Ofsted report analyses faith teaching
Independent faith schools must work harder to ensure textbooks used to teach about other faiths are accurate and unbiased, according to an Ofsted report.
Inspectors visited 51 private faith schools and found that some teaching materials had incorrect information about other religions.
The Board of Deputies welcomed the report, saying it gave a “strong endorsement” of the general work of faith schools and the “real and positive efforts to address issues of citizenship and cohesion”.
The report was ordered by Schools Secretary Ed Balls in March after concerns were raised about teaching at independent faith schools.
The inspectors looked at how schools develop pupils’ spiritual, moral, social and cultural understanding. Pupils at all the schools were found to have a “strong sense of identity and of belonging to their faith, their school and to Britain”.
Miriam Rosen, Ofsted executive director, said: “All schools have an important role in preparing their pupils for life in modern Britain.”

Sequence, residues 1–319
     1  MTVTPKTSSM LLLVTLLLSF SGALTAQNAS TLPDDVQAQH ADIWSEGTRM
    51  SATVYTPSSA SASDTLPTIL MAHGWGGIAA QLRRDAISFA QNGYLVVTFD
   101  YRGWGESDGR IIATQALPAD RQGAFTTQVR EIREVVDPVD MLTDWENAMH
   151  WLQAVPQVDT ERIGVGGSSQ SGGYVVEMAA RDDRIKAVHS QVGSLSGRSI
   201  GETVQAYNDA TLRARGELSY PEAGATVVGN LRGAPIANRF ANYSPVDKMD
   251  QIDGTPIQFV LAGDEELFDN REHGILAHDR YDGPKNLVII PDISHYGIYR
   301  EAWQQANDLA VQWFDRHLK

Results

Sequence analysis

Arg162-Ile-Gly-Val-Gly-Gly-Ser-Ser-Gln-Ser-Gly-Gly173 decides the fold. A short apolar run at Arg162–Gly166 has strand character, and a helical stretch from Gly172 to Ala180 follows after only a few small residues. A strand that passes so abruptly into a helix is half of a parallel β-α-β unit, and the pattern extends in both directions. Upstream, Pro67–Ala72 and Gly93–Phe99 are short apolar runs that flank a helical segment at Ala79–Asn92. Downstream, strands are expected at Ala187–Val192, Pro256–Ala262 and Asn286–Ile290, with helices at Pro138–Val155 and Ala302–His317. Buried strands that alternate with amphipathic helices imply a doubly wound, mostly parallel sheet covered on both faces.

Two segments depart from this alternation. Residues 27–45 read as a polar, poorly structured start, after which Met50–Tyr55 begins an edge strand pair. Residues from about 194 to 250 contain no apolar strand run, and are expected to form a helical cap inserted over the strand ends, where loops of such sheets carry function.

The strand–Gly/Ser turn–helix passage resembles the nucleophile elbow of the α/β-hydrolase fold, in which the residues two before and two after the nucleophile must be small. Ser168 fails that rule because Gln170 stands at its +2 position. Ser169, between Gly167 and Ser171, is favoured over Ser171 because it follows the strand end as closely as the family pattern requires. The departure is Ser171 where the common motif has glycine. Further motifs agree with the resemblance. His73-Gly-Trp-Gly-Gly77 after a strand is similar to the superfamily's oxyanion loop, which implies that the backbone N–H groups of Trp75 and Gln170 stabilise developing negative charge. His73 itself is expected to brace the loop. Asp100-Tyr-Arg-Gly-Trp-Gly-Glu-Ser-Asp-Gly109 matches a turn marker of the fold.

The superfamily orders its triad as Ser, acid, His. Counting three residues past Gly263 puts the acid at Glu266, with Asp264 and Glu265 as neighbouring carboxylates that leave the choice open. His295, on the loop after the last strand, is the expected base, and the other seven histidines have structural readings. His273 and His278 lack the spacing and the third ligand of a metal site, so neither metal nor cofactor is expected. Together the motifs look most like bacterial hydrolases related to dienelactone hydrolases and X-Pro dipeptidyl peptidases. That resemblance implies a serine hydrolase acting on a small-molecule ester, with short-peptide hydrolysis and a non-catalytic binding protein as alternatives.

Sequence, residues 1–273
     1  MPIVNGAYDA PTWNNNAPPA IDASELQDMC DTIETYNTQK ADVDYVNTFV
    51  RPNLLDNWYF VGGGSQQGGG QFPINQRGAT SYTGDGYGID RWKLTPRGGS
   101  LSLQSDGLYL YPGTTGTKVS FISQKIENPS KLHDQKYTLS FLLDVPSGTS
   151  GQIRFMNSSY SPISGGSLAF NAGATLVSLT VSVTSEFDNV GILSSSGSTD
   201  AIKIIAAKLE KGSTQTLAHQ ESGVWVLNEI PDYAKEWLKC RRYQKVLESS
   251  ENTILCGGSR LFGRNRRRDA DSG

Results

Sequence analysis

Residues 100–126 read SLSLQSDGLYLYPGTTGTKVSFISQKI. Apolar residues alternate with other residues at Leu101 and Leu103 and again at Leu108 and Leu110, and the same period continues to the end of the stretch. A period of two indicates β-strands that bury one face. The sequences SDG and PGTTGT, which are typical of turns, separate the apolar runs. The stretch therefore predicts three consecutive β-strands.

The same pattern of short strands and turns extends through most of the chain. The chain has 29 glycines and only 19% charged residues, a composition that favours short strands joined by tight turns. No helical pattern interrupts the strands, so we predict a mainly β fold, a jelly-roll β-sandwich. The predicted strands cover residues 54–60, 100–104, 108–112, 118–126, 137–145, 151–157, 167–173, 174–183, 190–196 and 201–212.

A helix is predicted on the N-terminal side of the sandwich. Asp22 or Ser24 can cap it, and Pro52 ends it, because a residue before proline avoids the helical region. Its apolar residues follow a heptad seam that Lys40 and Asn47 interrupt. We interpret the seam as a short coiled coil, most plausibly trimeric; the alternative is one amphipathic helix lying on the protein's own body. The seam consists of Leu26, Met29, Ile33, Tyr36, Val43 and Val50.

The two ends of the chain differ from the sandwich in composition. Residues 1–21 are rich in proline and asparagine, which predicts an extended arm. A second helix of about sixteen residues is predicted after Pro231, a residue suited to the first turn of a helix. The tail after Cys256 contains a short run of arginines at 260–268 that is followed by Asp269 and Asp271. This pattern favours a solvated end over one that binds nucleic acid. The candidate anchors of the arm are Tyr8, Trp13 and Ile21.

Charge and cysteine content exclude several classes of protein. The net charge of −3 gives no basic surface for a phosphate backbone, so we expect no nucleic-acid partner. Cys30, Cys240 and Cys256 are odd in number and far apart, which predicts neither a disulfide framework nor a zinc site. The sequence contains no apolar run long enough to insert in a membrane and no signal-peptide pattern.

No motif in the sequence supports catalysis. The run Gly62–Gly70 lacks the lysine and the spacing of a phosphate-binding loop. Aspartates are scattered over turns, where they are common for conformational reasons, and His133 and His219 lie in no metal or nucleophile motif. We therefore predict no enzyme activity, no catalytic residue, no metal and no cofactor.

But the report noted that at a small number of schools some teaching materials contained “biased or incorrect information about the beliefs of other religions”.
At one Muslim school, wording used to describe the situation in the Palestinian territories included “inflammatory language”. At a Jewish school, pupils wrote in “strong language” describing the current climate in the Middle East.
The report did not specify what the children at either school wrote.
The investigators found that in most cases sensitive and controversial topics were dealt with “effectively” by staff who had to manage pupils’ emotions where there was a link to events in the Middle East.
It quoted an example of girls in a Jewish school who held views of Palestinians which were influenced by events affecting relatives in Israel.
Where there was direct personal contact with conflict, Ofsted said, there was “a reluctance to move from their pre-formed ideas”.
Board chief executive Jon Benjamin said independent faith schools were making “real and positive efforts to address issues of citizenship and cohesion”. But he said the board was aware of cases of Jewish children being bullied in mainstream schools when debates on foreign affairs turned into victimisation and name-calling.
Ofsted could not reveal which schools had been visited, or how many of them had been Jewish.